Weezer has had a rough time over the last decade. Things had been on a downward trajectory since 2003’s Make Believe and watching what at one time was the most shining example of contemporary pop rock flail about to awkward disco tracks and Lil’ Wayne collaborations was both embarrassing and heartbreaking in equal measure. However with their last effort, Everything Will Be Alright In The End, the group seemed to recapture some of their early “Brian Wilson and Steve Smith fronting a Cheap Trick cover band” magic. Reassuring as it was nerve-wracking, the album suggested the dark days were gone and that frontman Rivers Cuomo would return to the angst-ridden solo driven rock music that had made his name. The question was, would be it a slight or a genuine return? While their latest LP, Weezer or The White Album, is a mixed bag, it suggests that this incarnation of the band are here to stay and to have a lot of fun.
White Album is obstinately a record about the Summer and all the love, loneliness and joy that exists therein. Cuomo views those three months as this sort of higher power, like what an addict might submit to, onto which all hopes, dreams, and failings can be attached. ‘Wind In Our Sail’ is a testament to this. The track is about a couple’s sailing trip that becomes an odyssey of exploration, futility and perseverance, tying in the exploits of Darwin, Sisyphus, and Mendel and concluding with the joyous refrain: “We can do so many great things together, together”. As with every Weezer record, there is always a longing for love and companionship and here, Cuomo seems to found a partner in the sun, the sea, and the beach to which the whole album is a love letter. Crucially, however, the ennui that made Weezer so compelling in the first place is never forgotten. The album closer ‘Endless Bummer’ is a fitting climax to the disc. Where every other song has pleaded for these months to last forever, ‘Endless’ longs for this time to be over and done with. It’s a song that evokes ‘Butterfly’ from their seminal Pinkerton album as a melancholic, downbeat conclusion to a record of glitz and sandy beaches. It let’s Rivers be the hapless, misunderstood loser that he was born to be and has been since the early days of the group.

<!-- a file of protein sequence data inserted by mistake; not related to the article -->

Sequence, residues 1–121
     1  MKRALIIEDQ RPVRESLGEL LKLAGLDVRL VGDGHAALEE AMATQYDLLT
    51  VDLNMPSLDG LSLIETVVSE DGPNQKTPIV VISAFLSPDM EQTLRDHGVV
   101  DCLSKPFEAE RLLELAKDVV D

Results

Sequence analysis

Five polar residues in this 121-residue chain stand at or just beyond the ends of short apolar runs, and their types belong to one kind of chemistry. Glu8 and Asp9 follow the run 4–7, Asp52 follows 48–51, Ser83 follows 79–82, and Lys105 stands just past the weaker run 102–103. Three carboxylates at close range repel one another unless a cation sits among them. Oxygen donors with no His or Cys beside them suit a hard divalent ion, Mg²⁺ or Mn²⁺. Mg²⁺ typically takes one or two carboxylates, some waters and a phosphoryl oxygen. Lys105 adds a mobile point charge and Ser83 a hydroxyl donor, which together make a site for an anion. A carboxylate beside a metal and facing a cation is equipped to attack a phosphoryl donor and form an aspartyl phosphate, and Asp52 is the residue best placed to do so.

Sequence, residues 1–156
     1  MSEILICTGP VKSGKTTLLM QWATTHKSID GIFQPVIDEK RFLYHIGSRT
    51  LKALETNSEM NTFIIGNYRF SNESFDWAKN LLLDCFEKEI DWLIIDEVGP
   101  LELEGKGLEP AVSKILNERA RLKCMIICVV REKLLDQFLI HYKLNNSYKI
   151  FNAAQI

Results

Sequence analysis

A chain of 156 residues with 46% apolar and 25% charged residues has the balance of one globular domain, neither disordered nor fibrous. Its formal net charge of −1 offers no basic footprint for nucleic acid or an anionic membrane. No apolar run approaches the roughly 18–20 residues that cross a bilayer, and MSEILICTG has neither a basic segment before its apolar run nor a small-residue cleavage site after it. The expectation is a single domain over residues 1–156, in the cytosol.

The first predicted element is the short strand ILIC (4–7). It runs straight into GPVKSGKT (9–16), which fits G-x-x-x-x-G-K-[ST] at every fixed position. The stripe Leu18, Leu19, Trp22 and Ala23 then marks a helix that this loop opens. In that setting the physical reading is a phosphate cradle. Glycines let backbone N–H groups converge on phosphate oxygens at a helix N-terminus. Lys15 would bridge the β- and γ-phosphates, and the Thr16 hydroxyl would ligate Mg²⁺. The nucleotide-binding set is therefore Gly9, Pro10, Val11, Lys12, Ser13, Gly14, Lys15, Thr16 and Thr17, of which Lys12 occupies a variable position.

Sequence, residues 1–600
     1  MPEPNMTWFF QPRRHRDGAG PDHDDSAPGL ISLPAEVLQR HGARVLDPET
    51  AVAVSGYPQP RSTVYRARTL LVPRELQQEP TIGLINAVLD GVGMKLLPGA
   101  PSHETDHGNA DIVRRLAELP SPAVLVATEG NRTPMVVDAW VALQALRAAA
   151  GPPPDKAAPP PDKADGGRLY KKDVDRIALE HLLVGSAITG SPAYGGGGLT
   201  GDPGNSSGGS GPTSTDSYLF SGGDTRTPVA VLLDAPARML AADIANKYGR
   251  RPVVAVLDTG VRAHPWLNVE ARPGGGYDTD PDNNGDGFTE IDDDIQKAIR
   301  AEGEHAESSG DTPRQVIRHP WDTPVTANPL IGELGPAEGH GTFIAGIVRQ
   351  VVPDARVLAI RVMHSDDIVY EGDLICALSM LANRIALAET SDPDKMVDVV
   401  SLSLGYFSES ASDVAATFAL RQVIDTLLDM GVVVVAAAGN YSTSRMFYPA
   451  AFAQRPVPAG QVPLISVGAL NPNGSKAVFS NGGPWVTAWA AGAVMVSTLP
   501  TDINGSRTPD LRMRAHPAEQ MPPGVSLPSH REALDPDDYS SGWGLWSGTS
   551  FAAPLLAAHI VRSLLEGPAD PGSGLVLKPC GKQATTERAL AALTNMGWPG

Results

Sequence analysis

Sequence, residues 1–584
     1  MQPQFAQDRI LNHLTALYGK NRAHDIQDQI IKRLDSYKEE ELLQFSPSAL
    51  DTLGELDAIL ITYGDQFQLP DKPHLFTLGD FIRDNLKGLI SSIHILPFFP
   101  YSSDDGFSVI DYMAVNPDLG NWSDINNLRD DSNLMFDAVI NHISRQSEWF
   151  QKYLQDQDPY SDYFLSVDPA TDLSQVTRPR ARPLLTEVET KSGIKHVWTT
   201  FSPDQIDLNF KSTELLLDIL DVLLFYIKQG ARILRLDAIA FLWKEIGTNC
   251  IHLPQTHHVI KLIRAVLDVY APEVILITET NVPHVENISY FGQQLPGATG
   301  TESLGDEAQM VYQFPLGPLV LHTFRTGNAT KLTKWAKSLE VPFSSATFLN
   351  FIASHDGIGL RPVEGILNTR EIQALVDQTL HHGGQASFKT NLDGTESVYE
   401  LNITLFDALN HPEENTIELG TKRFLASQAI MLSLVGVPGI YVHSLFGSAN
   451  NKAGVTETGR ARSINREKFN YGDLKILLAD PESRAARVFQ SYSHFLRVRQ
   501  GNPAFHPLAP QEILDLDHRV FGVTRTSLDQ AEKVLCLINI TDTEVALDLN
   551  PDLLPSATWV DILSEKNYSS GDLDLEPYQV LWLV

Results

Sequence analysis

As with every Weezer record since 1996, the shadows of Pinkerton and the Blue Album loom large. The opener, ‘California Kids’, begins with this xylophone-guitar combination that immediately evokes ‘Pink Triangle’ and drives its chorus home with the same kind of Beach Boys harmonies that made Blue as spellbinding as it was. ‘LA Girlz’ has this magnificent soaring bridge that completely levels the competition and stands as the record’s most compelling cut. With its twinkling pianos, Explosions in the Sky crescendo, delicate harmonies and cutting solo, it feels like a companion to ‘Tired of Sex’. While ‘Summer Elaine and Drunk Dori’ has an ‘In The Garage’ feeling married to a ‘Getchoo’ synth. Add to this a bridge which features a killer half-time break and accompanying solo and it feels as though the years and the bad times never happened.
Sadly, though, while the band took many of the best aspects from their early albums and used them to great effect here, they’ve also brought some of unfortunate elements of their recent efforts too. Cuomo was one of the primary songwriters on Panic At The Disco’s Death of A Bachelor this year and it shows. Where that record had the cocksure Brendon Urie to lead the way, Cuomo’s more nebbish persona is nowhere near as convincing. ‘Jacked Up’ has this swagger piano and R’n’B production that in Urie’s hand would feel natural and confident but with Rivers feels uncertain and at odds with everything else on display here. However, the most frustrating cut here is ‘Thank God For Girls’ which has this ‘white guy’ hip-hop sensibility that might have charmed a decade and a half ago, but now is cloying and just unbearable. It brings to mind the likes of Hurley and Raditude, two records the band has spent the greater part of this record trying to expunge from our recollection. These tracks hamper the record overall and sew the seeds of discontent, suggesting that this record is more shallow than first appears.
Ultimately, White Album is a solid effort. A handful of unfortunate songs aside, what they’ve given is thirty minutes of good, straightforward pop music. Nothing is as powerful or exciting as Blue, Green or Pinkerton, but it all snuggly fits within their canon. While it is strange to commend a band for receding into a previous mould, Weezer have the ability write songs of this ilk like no one else. Hearing them revisit this well feels less like The Pixies and more Sleater-Kinney; this was always their home and the prodigal sons have finally returned. Will Murphy